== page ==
The election is but an exiguous piece in a much larger puzzle, which concerns the survival of the Western civilization. Europe, Canada, and Australia--and, if Clinton has her way, America, too--are being inundated with millions of migrants. Carefully vetted immigration is to be encouraged and, indeed, it is precisely on the talents, diligence, and sheer numbers of immigrants that the Western civilization emerged to be dominant and prosperous. However, it hardly requires much divination or analysis to understand that permitting the importation, wholesale, of millions of individuals who live and breathe tribalism, misogyny, homophobia, anti-Semitism, nepotism, polygamy, and other habits that the West abjured eons ago will end in conflict. Certainly, some of those migrants will renounce their cultural values and nomos, and they will do so of their own accord and--lamentably--contrary to the exhortations of the assorted bien-pensants in the West. The latter still persist in their preposterous belief that all cultures are equally valid or, worse, that the Western values should defer to minority norms in the name of "diversity." These days, one observes, everything is relativized and open to debate; every absolute of old must be challenged. While it is assuredly laudable to question and to doubt, leering to the extreme of discarding everything once cherished is foolhardy and outright foolish. Rule of law is better that authoritarian caprice. Equality of the sexes is better than institutionalized misogyny. Democracy is better than autocracy. Separation of church and state is better than theocracy. Ultimately, individualism (including individual human rights) is better than collectivism. Therefore, the prevailing precepts upon which the Western civilization rests are better than those practiced in, say, the Near East: be it Saudi Arabia, Afghanistan, Iran or Yemen or the supposedly more enlightened Lebanon, Morocco or Malaysia.
While some migrants, accordingly, will embrace the liberal democratic values of their new host states, many will not. Those who do not will do one or both of two things: Withdraw to their self-imposed ghettos and procreate or bomb and shoot up the rest of the population. Even if they do merely the former, they will only do so until their numbers grow sufficiently to engage in the civil unrest that inevitably arises with ghettoization. In either case, civil strife is unavoidable.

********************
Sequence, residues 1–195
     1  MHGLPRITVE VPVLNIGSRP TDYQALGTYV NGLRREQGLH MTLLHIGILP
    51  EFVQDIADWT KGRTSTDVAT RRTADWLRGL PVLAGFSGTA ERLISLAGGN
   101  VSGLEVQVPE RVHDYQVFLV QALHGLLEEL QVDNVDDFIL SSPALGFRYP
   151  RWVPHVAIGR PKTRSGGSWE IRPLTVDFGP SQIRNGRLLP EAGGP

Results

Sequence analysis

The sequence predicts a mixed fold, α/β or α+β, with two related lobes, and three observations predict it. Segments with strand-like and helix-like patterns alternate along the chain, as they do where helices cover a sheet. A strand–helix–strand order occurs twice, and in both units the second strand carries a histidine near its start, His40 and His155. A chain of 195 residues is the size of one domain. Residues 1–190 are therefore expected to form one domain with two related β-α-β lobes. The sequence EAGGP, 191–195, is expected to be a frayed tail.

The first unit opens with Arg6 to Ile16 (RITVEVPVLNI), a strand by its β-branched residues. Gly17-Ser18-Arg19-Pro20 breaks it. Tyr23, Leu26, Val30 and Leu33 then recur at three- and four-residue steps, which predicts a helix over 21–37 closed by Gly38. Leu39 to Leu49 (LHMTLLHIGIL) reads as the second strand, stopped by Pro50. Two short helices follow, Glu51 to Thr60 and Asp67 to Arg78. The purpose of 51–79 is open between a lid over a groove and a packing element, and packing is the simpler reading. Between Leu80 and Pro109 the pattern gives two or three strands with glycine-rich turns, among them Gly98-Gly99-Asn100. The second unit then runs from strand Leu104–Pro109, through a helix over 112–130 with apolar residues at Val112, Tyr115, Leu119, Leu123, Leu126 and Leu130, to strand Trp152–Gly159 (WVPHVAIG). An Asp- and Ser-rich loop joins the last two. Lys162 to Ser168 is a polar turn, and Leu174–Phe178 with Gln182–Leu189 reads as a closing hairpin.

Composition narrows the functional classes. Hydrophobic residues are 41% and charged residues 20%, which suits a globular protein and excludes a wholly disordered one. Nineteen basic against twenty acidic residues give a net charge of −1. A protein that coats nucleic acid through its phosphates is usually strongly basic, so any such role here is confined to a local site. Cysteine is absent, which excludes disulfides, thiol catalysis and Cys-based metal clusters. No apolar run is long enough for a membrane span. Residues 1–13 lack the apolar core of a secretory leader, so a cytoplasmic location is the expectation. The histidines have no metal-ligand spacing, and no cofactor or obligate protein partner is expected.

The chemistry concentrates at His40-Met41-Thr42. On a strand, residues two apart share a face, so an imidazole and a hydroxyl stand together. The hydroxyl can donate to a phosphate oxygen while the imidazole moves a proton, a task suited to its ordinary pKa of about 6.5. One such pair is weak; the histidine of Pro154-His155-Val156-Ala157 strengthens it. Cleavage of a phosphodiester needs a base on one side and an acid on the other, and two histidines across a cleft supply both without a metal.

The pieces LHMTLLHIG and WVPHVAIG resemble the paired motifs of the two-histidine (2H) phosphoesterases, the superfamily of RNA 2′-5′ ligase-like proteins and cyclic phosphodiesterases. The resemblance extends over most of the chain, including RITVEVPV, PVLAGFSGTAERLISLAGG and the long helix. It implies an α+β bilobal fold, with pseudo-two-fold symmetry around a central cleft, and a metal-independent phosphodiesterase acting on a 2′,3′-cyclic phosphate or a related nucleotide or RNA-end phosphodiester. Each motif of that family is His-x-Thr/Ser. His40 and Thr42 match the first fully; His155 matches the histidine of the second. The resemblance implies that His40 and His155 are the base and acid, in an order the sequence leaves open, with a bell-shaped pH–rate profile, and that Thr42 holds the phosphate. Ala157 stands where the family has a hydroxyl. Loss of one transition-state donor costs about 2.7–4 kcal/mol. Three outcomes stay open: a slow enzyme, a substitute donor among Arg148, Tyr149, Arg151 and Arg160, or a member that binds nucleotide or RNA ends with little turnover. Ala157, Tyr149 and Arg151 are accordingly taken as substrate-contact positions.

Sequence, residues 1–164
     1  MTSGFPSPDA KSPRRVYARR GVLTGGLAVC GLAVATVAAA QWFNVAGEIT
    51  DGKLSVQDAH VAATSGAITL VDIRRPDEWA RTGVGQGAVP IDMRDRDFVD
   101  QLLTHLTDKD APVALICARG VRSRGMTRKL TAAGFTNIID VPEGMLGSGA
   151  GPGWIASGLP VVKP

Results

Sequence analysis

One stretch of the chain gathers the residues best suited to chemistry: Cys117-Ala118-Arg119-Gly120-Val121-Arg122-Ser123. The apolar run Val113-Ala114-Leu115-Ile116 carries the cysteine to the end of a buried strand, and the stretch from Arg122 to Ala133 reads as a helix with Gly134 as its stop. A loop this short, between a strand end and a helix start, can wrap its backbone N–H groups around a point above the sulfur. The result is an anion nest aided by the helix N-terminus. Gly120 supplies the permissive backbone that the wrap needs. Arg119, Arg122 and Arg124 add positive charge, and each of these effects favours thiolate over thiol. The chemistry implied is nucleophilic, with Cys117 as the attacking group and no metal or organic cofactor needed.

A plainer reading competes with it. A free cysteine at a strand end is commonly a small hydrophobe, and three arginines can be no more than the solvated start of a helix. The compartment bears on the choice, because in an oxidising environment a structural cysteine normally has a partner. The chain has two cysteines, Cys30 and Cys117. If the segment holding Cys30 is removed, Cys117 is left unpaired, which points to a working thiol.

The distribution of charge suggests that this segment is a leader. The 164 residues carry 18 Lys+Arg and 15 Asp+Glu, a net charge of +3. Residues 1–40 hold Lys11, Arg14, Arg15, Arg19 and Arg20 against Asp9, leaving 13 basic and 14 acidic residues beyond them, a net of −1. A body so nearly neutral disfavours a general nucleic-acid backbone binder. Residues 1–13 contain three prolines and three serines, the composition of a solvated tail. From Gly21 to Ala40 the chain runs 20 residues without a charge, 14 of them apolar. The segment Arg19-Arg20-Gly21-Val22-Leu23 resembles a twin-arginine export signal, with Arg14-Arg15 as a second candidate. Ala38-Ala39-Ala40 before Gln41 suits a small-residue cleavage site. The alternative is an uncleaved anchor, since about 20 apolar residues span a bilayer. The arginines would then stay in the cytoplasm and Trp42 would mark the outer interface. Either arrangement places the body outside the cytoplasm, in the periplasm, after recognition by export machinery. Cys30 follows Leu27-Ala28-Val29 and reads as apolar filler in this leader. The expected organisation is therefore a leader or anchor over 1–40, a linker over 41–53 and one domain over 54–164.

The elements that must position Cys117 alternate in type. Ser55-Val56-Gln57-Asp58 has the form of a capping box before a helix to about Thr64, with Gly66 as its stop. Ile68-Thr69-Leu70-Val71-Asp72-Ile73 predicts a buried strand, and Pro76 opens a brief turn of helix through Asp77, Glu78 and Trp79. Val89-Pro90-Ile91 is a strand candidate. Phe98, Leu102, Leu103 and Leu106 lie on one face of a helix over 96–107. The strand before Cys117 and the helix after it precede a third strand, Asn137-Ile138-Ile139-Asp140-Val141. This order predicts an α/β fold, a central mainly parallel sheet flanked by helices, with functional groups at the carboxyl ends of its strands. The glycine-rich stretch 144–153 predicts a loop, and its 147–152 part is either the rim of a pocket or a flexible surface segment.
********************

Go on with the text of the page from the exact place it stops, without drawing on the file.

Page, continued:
Once that societal upheaval materializes, two scenarios can come to pass. A section of the population (commonly derided as "nationalist" by the soi-disant opinion-formers) may decide to proverbially take matters into its own hands. The people being insulted for wearing certain apparel, harassed for drinking alcohol, assaulted, attacked and killed may well reason that they can no longer rely on the authorities to protect them and so resolve to do so themselves. The authorities, such as there are and will be, may accept that, without resolute measures aimed at filtering out the destabilizing elements in the society, said society faces an imminent collapse, and they may or may not assist the popular uprising. Alternatively, the governments may use the societal instability as a pretext for arrogating to themselves enormous powers, such as not seen in decades, even centuries. Such governments--bigger and stronger than for many a generation--would ineluctably engage in blanket repression of the general population, migrant and nonmigrant, under the guise of restoring and maintaining public order and security. Put simply, what today happens at airport "security" would be extended to almost every facet of life. One needs to be only a casual student of history to know that suppression of dissent can successfully last for only a limited time before the population revolts. That would in turn trigger the first course of events detailed earlier.